Democratic ACA agitprop to undermine AHCA success. Charles Blahous @HooverInst @Mercatus

Jun 28, 2017, 12:00 AM

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Democratic ACA agitprop to undermine AHCA success. Charles Blahous @HooverInst @Mercatus

The large projected expenditure reduction under the AHCA (the House’s repeal-and-replace bill) actually has nothing to do with disabled or elderly Medicaid beneficiaries but rather with changes in projected enrollment for the ACA’s expansion population. Doug Badger estimated in a recent paper that 82% of the Medicaid savings projected for the AHCA by CBO arose from changes to projected enrollment patterns – not from anything that would undermine care for the person profiled in the Times op-ed. The story is likely to be quite similar under the recently-unveiled Senate bill. The Chief CMS Actuary recently weighed in with its own estimate of 10-year cost savings of $383 billion over ten years from the House bill’s Medicaid provisions – less than half the savings projected by CBO. A primary difference between the two estimates has to do with what CMS and CBO respectively believe would happen if the ACA remained on the books. CMS projects that under a continuation of the ACA, the proportion of the potentially newly-Medicaid-eligible population living in Medicaid-expansion states would remain at its current 55 percent. CBO by contrast assumes that additional states would expand Medicaid if the ACA remained law. CBO further assumes that many fewer people will participate in Medicaid if the ACA is repealed, even if they remain fully eligible to do so. The bottom line is that the essential difference between these two assumptions has nothing to do with people now on Medicaid losing their access to coverage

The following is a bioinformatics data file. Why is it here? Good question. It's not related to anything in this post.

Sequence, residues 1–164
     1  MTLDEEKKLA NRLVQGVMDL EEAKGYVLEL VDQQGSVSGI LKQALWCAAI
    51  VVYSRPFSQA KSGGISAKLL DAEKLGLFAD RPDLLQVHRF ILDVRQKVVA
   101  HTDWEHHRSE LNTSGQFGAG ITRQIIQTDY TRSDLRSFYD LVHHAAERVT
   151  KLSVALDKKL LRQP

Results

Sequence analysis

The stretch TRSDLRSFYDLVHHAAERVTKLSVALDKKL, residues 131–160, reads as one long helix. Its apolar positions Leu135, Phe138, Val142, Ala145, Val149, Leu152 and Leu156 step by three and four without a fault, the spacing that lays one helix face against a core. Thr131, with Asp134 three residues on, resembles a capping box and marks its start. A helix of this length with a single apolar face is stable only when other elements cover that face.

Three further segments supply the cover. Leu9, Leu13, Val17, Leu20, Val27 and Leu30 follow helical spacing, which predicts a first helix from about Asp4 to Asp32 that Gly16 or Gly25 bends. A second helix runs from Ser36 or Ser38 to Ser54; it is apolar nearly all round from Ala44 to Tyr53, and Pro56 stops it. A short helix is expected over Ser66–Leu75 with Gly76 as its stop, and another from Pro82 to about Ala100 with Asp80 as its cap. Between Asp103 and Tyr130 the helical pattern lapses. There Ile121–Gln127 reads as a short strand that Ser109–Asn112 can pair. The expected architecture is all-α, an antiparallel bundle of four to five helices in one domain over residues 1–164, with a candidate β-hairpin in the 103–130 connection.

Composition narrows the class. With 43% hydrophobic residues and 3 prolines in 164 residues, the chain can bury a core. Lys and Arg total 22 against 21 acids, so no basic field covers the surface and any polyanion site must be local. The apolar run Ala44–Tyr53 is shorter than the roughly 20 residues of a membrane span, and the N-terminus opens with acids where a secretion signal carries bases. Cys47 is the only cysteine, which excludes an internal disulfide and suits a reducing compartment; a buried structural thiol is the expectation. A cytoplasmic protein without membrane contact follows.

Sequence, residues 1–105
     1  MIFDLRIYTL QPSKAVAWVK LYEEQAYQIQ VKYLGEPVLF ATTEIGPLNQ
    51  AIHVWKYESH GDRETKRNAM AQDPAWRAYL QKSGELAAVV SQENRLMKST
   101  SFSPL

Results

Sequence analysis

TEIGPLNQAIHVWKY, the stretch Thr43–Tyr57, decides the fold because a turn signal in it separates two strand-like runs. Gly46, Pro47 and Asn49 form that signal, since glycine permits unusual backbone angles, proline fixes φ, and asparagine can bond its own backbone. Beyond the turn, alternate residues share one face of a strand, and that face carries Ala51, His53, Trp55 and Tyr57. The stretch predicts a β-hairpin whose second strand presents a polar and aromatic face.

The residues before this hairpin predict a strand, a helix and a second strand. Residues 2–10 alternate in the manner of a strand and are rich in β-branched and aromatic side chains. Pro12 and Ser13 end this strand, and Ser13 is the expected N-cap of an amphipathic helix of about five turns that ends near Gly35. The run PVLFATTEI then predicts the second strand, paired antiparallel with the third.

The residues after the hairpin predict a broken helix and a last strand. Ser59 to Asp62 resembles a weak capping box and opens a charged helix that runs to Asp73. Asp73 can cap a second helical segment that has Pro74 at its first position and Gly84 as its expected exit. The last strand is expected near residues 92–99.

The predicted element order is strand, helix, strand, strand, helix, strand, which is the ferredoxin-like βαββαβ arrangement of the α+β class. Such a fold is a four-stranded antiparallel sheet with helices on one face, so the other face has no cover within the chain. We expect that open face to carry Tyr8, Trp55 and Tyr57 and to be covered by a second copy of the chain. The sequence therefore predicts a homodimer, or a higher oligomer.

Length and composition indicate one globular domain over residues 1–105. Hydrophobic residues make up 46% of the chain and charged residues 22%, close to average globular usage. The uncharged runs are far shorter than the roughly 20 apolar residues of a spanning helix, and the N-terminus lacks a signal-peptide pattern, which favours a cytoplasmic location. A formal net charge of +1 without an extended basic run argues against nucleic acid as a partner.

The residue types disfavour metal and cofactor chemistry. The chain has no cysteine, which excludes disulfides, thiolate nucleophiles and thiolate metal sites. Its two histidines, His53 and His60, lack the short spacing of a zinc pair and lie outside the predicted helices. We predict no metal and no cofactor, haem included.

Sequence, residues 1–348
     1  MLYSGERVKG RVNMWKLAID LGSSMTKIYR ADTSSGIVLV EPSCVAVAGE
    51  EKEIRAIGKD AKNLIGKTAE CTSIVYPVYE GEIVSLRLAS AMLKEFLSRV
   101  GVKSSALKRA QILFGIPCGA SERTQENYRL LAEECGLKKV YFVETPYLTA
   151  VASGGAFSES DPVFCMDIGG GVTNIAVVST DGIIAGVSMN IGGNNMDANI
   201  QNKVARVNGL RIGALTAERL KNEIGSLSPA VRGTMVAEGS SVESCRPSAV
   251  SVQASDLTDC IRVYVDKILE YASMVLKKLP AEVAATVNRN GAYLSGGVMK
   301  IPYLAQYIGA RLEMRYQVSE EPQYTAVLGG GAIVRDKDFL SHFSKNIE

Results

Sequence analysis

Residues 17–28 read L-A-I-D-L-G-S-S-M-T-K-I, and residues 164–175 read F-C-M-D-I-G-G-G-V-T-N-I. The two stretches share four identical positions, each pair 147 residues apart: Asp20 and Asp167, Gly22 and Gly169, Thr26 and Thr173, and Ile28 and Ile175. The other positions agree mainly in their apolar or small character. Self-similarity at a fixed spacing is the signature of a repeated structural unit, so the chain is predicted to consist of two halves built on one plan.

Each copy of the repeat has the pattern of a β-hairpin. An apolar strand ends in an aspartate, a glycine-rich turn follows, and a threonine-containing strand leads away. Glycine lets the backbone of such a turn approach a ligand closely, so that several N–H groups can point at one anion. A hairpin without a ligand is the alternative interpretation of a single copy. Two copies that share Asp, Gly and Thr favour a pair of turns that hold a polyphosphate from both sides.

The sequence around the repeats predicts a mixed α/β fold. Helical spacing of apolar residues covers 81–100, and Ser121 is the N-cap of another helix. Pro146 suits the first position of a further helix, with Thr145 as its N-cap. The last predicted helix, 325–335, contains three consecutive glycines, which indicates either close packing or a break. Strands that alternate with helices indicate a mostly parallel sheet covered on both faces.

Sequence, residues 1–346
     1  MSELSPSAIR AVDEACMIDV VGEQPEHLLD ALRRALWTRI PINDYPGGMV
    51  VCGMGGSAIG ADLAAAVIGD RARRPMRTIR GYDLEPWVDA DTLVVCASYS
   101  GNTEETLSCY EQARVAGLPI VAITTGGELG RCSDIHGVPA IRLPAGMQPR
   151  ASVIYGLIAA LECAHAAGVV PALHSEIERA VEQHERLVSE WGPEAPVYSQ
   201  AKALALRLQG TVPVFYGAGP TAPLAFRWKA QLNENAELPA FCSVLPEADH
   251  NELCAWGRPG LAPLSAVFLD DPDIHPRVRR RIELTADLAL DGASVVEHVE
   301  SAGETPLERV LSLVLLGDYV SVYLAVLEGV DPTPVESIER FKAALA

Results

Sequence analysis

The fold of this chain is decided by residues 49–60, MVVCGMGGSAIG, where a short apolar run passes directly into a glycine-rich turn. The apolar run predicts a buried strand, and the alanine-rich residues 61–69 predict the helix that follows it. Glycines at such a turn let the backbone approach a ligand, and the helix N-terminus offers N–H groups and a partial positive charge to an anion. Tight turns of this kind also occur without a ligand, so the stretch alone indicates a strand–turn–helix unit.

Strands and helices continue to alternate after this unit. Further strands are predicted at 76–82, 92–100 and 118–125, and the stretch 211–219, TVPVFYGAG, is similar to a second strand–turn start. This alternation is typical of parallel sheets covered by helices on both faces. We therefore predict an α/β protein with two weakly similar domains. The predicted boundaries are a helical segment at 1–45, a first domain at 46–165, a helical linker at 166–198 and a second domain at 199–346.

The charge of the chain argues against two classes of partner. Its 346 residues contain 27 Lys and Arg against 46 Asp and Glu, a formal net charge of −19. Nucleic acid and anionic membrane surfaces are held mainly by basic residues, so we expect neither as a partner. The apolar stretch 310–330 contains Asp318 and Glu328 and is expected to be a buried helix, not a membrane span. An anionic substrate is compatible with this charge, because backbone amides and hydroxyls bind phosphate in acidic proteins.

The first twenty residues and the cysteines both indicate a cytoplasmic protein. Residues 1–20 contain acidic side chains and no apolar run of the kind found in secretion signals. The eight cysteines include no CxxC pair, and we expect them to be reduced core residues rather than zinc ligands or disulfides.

https://economics21.org/html/medicaid-scare-tactics-are-irresponsible-2413.html